Jazz professor awarded prestigious fellowship

Of 180 scientists, artists and academics, one USF faculty member was the only professor from a Florida university to be awarded the Guggenheim Fellowship in 2009.

Chuck Owen, founder and artistic director of the USF Center for Jazz Composition, received the Guggenheim award for his contributions to the jazz community.

Over the course of his career, he has published more than 40 jazz ensemble compositions, won more than a dozen awards from the American Society of Composers, Authors and Publishers and was nominated for a Grammy.

Owen said he hopes to use money awarded to him to write a double concerto for saxophone, guitar and orchestra that would combine a jazz and contemporary symphony orchestra — a luxury he said he did not think he would have time for until he retired.

To devote his full time to this project, Owens asked USF for a year long sabbatical with pay.

USF will allow Owen to take the leave because he will be persuing a great opportunity for the school and for himself, said USF spokesman Michael Hoad.

School of Music director Wade Weast said the Guggenheim award will bring recognition and prestige to USF, especially to the School of Music.

“It’s probably the biggest award since I’ve been here, and probably the biggest award in the history of the School of Music,” Weast said.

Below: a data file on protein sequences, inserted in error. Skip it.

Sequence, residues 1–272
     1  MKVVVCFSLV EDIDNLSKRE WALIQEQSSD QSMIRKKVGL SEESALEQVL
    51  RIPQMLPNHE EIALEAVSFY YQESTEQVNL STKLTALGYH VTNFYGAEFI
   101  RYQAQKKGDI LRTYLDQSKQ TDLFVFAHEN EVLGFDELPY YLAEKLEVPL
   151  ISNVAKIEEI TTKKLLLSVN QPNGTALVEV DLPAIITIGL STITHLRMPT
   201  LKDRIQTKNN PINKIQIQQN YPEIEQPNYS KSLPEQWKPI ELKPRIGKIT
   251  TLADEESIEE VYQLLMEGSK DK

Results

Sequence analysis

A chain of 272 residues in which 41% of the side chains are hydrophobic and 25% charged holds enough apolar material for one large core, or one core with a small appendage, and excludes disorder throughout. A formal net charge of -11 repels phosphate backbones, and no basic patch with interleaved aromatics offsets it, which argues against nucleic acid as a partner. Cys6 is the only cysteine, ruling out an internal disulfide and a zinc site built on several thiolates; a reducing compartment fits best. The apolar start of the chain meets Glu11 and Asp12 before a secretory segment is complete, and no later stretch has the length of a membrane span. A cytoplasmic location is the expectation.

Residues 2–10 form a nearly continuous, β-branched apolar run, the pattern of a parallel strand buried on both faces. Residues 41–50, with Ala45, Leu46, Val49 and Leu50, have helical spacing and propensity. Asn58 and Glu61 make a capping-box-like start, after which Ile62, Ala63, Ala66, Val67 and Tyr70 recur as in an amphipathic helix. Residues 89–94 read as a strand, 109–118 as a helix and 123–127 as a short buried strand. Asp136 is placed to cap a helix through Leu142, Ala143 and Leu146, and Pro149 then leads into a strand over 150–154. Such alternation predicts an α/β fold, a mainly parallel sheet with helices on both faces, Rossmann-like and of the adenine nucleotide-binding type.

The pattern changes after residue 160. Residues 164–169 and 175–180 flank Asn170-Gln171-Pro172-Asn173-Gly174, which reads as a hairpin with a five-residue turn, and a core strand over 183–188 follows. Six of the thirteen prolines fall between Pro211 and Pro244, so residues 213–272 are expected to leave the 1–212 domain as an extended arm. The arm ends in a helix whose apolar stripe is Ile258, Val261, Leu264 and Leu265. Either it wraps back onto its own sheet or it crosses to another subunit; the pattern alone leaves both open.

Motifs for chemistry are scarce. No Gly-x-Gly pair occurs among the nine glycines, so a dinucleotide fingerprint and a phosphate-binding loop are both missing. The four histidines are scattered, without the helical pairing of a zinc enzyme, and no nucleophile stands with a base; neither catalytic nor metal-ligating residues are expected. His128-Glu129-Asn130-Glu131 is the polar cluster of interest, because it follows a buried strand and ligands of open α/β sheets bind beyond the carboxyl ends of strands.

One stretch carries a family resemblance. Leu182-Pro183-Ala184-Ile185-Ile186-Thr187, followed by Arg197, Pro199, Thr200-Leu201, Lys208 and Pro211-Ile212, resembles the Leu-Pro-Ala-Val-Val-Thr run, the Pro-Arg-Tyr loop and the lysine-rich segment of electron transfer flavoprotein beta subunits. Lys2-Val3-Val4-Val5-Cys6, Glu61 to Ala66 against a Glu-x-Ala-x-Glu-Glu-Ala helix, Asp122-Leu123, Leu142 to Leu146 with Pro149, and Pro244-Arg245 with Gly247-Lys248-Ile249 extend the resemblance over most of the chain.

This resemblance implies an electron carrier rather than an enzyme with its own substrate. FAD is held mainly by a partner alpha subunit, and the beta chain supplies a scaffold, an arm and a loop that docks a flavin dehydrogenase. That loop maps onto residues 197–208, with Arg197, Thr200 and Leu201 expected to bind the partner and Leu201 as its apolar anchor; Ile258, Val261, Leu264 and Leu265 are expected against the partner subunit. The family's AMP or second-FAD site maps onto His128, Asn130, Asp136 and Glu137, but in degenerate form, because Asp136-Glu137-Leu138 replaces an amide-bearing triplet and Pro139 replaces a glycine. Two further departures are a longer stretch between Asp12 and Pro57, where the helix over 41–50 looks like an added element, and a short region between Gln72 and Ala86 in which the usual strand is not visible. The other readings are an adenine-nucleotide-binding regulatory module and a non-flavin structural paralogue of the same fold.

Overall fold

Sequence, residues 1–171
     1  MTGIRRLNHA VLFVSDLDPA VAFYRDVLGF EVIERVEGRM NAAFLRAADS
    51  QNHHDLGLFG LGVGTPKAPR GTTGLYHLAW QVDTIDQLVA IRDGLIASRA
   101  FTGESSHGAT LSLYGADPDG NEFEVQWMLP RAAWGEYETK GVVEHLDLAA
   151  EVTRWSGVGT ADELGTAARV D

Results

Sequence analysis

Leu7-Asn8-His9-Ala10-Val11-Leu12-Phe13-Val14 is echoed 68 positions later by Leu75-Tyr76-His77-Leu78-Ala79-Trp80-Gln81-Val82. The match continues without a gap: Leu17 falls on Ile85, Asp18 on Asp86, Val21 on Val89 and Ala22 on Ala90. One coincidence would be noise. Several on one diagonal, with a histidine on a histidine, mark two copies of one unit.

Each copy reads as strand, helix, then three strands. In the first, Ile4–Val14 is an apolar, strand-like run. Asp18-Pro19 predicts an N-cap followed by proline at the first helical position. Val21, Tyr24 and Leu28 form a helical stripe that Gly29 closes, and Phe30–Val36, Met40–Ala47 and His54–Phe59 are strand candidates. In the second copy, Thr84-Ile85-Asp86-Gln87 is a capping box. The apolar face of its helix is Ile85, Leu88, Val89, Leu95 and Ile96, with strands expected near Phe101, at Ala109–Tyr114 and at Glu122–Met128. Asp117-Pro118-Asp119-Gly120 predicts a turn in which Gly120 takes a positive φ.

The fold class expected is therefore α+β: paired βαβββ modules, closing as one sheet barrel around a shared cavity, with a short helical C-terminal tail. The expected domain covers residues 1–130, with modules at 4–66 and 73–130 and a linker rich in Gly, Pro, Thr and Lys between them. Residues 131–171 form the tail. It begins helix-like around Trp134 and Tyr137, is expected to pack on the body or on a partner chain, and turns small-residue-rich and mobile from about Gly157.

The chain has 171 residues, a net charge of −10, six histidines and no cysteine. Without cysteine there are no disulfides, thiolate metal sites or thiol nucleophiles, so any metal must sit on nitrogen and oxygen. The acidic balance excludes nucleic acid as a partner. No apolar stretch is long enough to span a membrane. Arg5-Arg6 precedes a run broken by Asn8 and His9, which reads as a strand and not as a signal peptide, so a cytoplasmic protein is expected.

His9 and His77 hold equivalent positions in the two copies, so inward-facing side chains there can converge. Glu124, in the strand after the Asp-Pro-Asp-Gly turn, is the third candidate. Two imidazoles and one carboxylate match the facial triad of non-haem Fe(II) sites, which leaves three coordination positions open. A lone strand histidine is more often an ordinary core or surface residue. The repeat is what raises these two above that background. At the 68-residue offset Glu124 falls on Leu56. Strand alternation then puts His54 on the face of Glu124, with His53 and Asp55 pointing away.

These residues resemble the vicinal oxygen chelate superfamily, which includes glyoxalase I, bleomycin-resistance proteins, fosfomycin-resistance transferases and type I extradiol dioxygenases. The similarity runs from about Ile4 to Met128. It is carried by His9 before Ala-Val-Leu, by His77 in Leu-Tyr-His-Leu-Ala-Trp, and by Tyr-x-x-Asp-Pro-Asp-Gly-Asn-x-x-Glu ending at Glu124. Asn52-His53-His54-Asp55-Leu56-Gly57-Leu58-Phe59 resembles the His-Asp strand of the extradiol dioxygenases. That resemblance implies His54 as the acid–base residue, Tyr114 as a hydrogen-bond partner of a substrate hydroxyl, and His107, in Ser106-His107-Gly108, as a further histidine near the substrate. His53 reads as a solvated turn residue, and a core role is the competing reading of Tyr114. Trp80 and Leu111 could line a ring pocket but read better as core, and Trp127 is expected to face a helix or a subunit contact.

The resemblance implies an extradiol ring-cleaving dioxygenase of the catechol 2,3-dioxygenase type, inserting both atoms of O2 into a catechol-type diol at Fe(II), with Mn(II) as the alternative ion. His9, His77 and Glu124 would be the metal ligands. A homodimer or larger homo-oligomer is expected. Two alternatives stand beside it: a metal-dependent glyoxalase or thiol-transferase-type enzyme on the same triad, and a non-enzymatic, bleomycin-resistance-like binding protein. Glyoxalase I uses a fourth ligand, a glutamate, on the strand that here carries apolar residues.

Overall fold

Since arriving at USF in 1981, Owen has assisted in the chartering of the jazz studies major. He also drew on his knowledge of jazz to build the program up to its present status. More than 40 undergraduate and graduate courses in jazz studies available this semester.

Owen said he enjoys teaching his undergraduate jazz composition class because for some students, it’s the first time they are given the opportunity to create music.

“It’s such a joy in seeing that come alive — to see them say, ‘This is cool, I might like to do this one day,'” Owen said.

Leon Slater, a graduate jazz composition major, said he took Owen’s undergraduate jazz composition classes.

Slater said though hearing notes emerge from a sheet of music remains a rewarding part of composing jazz, his own desire lies in trying to figure out how composers accomplish certain styles.

“It’s that recurring theme that comes up: ‘Oh, that sounds cool — I wonder how they did that?'” Slater said.

He said there have been instances when Owen has lost track of time in the class becuase he was so absorbed with teaching.

“He brings excitement to a subject that might be considered dry,” Slater said.

In addition to teaching, Owen directs the Center for Jazz Composition, the only  university-based research institute dedicated solely to jazz composers. He also leads Chuck Owen and the Jazz Surge, a large jazz band that includes musicians in Florida.

“Jazz is a huge part of the cultural life of the world,” Owen said. “It was a music that was born and bred in this country and represents one of our greatest contributions to the artistic life of the world.”